Zmym2 inhibits nanog-mediated reprogramming

Moyra Lawrence, Thorold W. Theunissen, Patrick Lombard, David J. Adams, José C.R. Silva

Research output: Contribution to journalArticlepeer-review

4 Scopus citations


Background: NANOG is a homeodomain-containing transcription factor which forms one of the hubs in the pluripotency network and plays a key role in the reprogramming of somatic cells and epiblast stem cells to naïve pluripotency. Studies have found that NANOG has many interacting partners and some of these were shown to play a role in its ability to mediate reprogramming. In this study, we set out to analyse the effect of NANOG interactors on the reprogramming process. Methods: Epiblast stem cells and somatic cells were reprogrammed to naïve pluripotency using MEK/ERK inhibitor PD0325901, GSK3β inhibitor CHIR99021 and Leukaemia Inhibitory Factor (together termed 2i Plus LIF). Zmym2 was knocked out using the CRISPR/Cas9 system or overexpressed using the PiggyBac system. Reprogramming was quantified after ZMYM2 deletion or overexpression, in diverse reprogramming systems. In addition, embryonic stem cell self renewal was quantified in differentiation assays after ZMYM2 removal or overexpression. Results: In this work, we identified ZMYM2/ZFP198, which physically associates with NANOG as a key negative regulator of NANOG-mediated reprogramming of both epiblast stem cells and somatic cells. In addition, ZMYM2 impairs the self renewal of embryonic stem cells and its overexpression promotes differentiation. Conclusions: We propose that ZMYM2 curtails NANOG’s actions during the reprogramming of both somatic cells and epiblast stem cells and impedes embryonic stem cell self renewal, promoting differentiation.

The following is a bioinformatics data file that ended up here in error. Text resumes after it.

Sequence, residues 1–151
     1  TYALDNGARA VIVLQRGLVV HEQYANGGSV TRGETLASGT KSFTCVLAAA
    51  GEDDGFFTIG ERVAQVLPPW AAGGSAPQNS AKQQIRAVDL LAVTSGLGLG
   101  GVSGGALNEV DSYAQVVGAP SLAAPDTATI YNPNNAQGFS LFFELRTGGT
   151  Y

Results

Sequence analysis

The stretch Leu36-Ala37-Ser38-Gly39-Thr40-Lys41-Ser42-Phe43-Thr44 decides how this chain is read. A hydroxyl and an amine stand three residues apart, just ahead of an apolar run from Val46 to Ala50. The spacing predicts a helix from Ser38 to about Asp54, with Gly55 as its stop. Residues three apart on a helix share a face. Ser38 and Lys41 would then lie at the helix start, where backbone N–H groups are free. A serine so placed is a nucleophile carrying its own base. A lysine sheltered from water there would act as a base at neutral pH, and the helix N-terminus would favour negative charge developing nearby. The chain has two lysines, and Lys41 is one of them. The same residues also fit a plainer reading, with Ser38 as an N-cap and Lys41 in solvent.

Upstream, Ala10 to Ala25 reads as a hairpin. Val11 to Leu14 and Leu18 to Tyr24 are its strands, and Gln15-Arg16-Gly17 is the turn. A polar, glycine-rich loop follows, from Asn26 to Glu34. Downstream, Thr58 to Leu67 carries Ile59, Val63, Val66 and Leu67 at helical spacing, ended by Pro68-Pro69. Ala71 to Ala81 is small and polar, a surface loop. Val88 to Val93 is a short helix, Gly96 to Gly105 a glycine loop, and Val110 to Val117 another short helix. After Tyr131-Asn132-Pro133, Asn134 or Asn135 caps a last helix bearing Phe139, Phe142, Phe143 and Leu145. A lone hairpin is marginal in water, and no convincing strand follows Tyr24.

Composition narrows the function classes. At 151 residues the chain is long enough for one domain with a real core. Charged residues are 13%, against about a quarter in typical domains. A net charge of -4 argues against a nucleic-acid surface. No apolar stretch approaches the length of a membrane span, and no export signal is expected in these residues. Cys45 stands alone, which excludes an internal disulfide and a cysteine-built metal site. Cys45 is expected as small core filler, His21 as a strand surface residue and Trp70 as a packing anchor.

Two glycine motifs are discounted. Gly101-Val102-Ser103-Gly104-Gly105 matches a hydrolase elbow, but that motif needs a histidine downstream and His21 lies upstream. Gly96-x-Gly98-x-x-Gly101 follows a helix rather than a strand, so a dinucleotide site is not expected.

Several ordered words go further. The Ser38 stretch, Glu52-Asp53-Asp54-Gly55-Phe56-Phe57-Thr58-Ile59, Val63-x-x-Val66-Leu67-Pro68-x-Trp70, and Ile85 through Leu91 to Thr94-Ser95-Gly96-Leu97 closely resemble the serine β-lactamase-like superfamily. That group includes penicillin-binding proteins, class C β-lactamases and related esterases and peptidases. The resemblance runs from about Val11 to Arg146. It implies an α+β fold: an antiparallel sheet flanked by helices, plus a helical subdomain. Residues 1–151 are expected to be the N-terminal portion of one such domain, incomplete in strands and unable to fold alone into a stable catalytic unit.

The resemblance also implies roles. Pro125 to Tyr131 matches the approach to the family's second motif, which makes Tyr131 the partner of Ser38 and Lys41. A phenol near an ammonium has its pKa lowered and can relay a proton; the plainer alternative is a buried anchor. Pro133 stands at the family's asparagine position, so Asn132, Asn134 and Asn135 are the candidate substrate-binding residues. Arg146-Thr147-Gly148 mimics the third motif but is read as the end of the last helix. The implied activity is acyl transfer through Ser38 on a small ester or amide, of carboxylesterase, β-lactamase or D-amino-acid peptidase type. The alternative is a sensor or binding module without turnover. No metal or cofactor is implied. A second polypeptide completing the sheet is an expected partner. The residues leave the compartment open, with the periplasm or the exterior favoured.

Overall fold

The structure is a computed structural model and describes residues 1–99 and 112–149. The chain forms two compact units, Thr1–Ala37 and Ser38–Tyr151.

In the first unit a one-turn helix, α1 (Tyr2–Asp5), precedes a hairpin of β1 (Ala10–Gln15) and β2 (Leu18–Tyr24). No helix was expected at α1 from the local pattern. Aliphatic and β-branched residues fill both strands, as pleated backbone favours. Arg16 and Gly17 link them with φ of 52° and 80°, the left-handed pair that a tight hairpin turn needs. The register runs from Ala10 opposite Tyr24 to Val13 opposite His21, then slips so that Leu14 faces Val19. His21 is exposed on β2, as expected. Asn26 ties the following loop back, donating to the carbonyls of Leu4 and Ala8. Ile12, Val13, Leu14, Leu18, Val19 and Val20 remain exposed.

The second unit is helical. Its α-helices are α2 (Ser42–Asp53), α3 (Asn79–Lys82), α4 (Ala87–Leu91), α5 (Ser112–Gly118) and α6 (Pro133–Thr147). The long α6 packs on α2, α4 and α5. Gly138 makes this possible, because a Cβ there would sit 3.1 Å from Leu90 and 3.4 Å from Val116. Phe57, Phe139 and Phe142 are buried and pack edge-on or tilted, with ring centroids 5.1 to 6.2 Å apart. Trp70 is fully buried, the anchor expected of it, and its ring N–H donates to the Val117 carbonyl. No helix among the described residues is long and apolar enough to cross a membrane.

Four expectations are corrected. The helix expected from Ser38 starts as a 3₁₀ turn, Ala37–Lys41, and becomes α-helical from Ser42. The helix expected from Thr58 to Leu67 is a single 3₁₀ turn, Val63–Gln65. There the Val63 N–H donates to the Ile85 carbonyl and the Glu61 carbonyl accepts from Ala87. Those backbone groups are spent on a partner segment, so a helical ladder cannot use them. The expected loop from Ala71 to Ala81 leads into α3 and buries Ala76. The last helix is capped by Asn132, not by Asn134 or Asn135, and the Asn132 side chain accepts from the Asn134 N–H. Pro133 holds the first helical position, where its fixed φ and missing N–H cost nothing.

Original languageEnglish
Article number88
JournalWellcome Open Research
StatePublished - 2019


  • Differentiation
  • Nanog
  • Pluripotency
  • Reprogramming
  • Zinc finger protein


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